The remaining 59.5% of the Fund’s total investments are invested principally in three additional categories: Core Growth (13.9%), Financials (19.8%) and Real/Irreplaceable Assets (25.8%). Those investments over the long term have provided our portfolios with steady growth (not hyper growth) and, in certain cases, undervalued assets. Baron Partners Fund’s portfolio company mix has allowed the Fund to make significant investments in faster growing, potentially higher return but riskier “disruptive” businesses, and reduce the “volatility” that would be present if our portfolio consisted of only higher growth, “disruptive” businesses.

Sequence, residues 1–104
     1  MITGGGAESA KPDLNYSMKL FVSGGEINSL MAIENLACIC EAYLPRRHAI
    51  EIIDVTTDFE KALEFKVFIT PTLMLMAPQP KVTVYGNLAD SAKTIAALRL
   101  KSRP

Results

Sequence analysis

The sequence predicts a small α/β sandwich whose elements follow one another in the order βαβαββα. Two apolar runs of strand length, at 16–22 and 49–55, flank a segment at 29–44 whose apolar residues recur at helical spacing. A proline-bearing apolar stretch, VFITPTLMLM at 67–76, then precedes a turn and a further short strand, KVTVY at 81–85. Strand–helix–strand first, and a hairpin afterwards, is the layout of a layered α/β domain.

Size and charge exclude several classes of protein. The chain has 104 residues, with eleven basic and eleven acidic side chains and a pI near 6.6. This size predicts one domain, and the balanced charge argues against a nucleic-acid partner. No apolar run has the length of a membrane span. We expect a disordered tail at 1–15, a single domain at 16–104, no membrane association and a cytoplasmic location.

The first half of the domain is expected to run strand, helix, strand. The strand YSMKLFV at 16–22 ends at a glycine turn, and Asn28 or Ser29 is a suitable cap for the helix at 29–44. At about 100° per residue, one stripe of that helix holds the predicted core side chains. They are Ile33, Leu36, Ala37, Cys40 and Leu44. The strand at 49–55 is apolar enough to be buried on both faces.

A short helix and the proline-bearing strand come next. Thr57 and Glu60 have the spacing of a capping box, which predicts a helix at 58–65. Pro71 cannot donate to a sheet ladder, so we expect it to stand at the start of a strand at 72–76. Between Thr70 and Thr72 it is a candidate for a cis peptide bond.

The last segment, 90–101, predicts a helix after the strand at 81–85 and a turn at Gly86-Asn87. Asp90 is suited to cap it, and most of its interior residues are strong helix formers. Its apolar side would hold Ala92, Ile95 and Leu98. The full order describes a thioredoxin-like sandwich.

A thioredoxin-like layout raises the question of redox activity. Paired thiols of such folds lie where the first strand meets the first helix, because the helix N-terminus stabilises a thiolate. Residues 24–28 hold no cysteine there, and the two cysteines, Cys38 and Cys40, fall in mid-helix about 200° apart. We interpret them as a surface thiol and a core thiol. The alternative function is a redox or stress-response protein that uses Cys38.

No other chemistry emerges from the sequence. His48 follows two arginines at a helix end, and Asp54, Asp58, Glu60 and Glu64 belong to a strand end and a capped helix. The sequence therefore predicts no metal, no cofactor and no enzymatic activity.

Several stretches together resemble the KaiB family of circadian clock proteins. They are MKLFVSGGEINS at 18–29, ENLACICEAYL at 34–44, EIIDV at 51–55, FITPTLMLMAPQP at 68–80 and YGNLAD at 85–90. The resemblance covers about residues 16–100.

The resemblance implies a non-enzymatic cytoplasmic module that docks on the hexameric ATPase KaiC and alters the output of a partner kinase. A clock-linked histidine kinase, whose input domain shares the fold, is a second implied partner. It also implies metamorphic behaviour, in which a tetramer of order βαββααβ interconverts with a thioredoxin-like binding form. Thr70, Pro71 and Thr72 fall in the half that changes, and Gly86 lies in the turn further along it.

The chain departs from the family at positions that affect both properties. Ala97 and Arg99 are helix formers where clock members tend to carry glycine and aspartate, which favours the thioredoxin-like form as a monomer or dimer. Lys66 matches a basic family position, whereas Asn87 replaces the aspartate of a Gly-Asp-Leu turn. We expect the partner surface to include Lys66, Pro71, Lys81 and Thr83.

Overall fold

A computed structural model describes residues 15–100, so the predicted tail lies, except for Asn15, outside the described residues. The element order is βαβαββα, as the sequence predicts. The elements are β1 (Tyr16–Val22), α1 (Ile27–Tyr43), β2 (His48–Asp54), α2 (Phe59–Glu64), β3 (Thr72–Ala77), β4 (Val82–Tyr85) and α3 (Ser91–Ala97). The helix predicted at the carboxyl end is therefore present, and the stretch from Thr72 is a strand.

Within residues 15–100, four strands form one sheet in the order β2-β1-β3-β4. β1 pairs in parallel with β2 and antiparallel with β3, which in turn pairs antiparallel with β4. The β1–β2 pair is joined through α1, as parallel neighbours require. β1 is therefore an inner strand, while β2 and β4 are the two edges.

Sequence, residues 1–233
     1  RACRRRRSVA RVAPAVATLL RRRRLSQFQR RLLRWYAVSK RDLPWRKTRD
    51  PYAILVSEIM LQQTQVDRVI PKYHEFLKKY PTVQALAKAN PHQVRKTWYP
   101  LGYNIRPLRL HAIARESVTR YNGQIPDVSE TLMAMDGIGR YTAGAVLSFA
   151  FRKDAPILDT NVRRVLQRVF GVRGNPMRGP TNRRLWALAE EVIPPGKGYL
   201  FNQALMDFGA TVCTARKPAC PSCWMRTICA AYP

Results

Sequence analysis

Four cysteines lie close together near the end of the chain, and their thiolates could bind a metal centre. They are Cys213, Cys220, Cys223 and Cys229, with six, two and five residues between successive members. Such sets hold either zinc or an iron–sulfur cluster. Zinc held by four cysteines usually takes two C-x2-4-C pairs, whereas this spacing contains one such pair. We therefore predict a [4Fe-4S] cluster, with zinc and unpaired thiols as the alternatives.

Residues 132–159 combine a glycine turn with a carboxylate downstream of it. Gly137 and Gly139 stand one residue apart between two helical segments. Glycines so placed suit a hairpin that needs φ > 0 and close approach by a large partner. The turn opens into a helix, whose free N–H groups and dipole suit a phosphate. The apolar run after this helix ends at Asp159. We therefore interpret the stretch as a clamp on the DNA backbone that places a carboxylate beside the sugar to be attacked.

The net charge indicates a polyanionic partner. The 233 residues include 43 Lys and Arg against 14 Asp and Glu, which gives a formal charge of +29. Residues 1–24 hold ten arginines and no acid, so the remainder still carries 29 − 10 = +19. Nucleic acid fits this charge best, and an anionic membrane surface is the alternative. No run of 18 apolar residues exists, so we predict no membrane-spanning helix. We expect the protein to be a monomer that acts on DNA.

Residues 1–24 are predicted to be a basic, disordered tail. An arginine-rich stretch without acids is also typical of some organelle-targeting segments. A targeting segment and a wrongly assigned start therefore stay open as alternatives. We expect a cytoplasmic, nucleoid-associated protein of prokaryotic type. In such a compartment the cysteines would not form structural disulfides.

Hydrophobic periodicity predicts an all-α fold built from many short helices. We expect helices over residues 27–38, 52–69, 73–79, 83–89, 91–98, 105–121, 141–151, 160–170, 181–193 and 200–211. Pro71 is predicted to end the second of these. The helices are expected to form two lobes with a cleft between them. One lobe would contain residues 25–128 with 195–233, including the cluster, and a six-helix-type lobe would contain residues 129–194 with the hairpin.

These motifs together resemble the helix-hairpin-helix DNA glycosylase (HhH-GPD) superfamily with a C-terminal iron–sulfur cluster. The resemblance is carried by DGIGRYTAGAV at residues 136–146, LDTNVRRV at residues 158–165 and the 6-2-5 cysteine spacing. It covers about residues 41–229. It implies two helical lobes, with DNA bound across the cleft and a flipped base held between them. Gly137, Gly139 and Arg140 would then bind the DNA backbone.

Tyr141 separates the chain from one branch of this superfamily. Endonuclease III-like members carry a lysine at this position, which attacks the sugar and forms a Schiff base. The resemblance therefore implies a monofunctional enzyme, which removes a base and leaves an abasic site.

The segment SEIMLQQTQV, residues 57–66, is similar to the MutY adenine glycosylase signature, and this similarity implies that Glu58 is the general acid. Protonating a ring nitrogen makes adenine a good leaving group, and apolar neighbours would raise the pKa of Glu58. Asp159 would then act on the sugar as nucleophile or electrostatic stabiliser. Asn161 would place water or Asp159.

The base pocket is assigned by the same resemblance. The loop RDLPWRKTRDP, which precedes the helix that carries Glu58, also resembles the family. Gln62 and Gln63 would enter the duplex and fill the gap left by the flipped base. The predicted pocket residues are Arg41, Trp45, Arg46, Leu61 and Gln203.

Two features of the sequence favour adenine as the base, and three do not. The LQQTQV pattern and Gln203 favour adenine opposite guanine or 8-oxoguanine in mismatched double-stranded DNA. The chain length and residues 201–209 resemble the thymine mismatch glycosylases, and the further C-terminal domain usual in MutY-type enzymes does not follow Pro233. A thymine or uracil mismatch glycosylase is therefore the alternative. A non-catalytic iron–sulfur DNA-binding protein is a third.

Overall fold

In the first quarter, the Fund’s “Core Growth” holdings achieved 20.6% returns; its Financials 17.6% returns; its “Real/Irreplaceable Assets” gained 11.2%; and its “Disruptive Growth” businesses, net of a penalty from its Tesla, Inc. investment, gained 10.4%. Many investments that we considered “disruptive” when we first invested have since morphed into other categories but continue to grow faster but not geometrically faster than the market. Like The Charles Schwab Corp., which in 1992 disrupted traditional brokerage and mutual fund distribution; Vail Resorts, Inc., whose acquisitions of a network of ski mountains enabled it to create a network and an ability to sell half its ski passes before it even snows; and Hyatt Hotels Corp., which built hotels with interesting architecture and meeting rooms at airports to attract guests and saved business people travel time to city centers.